AI is from Venus, Machine Learning is from Mars

By Geoffrey Moore, Oct 20, 2016


The rise of cloud computing brings with it the promise of infinite computing power. The rise of Big Data brings with it the possibility of ingesting all the world’s log files. The combination of the two has sparked widespread interest in data science as truly the “one ring to rule them all.” When we speculate about such a future, we tend to use two phrases to describe this new kind of analytics—artificial intelligence (AI) and machine learning. Most people use them interchangeably. This is a mistake.

AI develops conceptual models of the world that are underpinned by set theory and natural language. In this context, every noun or noun phrase represents a set. Every predicate implicates that set in other sets. If all human beings are mortal, and you are a human being, then you are mortal. It’s an exercise in Venn diagrams. By extending these diagrams through syntax, semantics, and analogy, human beings build up conceptual models of the world that enable us to develop strategies for living. AI seeks to emulate this capability in expert systems.

Results in this area to date have been mixed and overall have fallen far short of the aspirations and projections of earlier decades. The problem is that natural language sets are inherently fuzzy at the edges. As a result, set algebra that works very well when applied to things that are near the centerpoint of a set becomes increasingly challenged as set elements approach their boundary conditions. Olympic sports clearly includes track and field and swimming. Does it include badminton? ping pong? golf? baseball? bowling? billiards? chess? Any claim you make about Olympic sports must be increasingly modified as you expand the aperture of your focus to accommodate more and more borderline cases. Ultimately such a system simply cannot scale. It can still be incredibly valuable, particularly in constrained domains like medical diagnosis, but it is not the ring we are looking for.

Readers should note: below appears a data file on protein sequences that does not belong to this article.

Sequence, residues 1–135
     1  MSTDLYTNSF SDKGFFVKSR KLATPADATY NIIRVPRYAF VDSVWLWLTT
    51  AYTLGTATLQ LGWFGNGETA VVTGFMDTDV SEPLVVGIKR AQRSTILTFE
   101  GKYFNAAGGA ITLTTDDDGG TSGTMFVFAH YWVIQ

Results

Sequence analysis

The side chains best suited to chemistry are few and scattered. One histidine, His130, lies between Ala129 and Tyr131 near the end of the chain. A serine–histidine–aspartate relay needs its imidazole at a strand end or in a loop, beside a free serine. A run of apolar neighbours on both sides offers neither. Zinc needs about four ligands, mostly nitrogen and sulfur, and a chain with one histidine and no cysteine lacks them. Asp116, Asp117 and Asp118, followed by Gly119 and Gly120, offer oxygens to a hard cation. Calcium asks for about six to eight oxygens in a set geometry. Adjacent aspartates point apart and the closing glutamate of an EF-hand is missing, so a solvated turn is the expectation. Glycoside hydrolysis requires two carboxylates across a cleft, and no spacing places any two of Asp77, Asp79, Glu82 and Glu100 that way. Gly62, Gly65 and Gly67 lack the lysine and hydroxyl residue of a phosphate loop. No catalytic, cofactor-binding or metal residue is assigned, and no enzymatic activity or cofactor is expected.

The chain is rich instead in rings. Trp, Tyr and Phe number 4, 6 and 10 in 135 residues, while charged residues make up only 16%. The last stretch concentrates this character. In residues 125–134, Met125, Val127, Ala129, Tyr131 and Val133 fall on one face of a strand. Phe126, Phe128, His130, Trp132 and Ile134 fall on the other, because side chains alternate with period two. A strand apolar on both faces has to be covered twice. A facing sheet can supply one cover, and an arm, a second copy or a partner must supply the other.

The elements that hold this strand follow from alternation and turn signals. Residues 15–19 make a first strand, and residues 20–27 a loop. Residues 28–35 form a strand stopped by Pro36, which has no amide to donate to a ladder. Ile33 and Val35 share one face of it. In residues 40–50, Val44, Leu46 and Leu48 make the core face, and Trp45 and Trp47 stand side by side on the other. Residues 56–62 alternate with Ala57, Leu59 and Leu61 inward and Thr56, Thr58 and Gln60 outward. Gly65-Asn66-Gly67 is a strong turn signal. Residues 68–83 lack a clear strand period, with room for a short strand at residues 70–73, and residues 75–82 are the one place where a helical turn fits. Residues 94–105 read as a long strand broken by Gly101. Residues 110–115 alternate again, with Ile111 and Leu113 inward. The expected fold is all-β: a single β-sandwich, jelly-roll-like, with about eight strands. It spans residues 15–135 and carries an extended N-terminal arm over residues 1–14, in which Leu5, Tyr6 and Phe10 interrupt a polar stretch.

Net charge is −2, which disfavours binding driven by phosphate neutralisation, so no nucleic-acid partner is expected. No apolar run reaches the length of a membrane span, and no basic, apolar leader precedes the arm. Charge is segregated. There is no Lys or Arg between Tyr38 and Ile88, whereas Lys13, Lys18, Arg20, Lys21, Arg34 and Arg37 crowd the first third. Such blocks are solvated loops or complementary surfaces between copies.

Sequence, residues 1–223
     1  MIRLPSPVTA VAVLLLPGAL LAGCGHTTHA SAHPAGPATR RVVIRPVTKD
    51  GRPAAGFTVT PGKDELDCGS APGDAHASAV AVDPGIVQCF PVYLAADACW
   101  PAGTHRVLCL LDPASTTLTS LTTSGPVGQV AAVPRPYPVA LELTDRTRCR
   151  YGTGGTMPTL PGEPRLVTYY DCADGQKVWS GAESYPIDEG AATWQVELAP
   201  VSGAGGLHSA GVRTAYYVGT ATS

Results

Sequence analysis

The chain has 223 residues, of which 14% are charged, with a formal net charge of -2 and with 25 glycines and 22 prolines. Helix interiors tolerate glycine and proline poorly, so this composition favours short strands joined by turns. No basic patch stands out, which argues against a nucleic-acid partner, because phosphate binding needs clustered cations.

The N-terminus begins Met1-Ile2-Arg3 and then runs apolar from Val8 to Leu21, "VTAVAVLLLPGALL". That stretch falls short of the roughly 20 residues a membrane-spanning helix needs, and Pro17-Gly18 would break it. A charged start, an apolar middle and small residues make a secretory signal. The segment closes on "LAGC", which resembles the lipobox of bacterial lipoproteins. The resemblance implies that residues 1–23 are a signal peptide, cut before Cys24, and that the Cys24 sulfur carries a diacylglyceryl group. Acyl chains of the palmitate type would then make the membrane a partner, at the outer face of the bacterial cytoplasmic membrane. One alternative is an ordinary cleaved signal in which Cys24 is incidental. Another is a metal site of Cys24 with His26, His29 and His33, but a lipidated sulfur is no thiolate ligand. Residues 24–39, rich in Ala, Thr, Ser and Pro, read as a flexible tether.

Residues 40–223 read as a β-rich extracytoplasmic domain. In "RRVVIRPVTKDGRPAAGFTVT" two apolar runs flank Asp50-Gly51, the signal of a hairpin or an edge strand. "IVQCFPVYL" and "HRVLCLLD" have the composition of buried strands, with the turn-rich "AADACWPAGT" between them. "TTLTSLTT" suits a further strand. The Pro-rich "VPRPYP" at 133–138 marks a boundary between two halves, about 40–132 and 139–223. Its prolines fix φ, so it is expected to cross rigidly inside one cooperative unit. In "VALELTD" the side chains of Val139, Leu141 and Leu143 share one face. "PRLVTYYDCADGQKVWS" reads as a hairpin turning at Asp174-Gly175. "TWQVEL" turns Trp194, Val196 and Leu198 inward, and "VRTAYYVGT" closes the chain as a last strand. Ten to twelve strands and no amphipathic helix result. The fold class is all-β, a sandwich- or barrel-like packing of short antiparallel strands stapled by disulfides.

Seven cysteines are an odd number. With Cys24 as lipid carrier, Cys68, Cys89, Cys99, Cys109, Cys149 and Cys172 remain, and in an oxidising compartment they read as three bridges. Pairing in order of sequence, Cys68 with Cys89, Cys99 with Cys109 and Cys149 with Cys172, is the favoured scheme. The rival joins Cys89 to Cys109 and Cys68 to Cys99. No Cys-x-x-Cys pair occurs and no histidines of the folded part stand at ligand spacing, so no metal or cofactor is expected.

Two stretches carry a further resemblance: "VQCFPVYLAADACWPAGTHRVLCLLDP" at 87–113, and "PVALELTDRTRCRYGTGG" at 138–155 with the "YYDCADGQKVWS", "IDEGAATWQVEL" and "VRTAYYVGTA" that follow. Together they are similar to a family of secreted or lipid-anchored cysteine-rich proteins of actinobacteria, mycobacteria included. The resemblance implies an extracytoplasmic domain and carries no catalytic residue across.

Machine learning is. Or at least it appears to be at the present time. Unlike AI which seeks to understand the world through conceptual models, machine learning has no such interest. It does not understand anything at all, nor does it want to. That’s because it does not seek emulate human intelligence, it seeks to simulate it. It does so through sheer brute mathematical force. Basically, any digital thing you present to a machine learning engine—say, a photographic image or a body of text—is converted into a string of integers, and everything that happens after that is some type of mathematical manipulation of that string. In the world of machine learning you and I really are just numbers.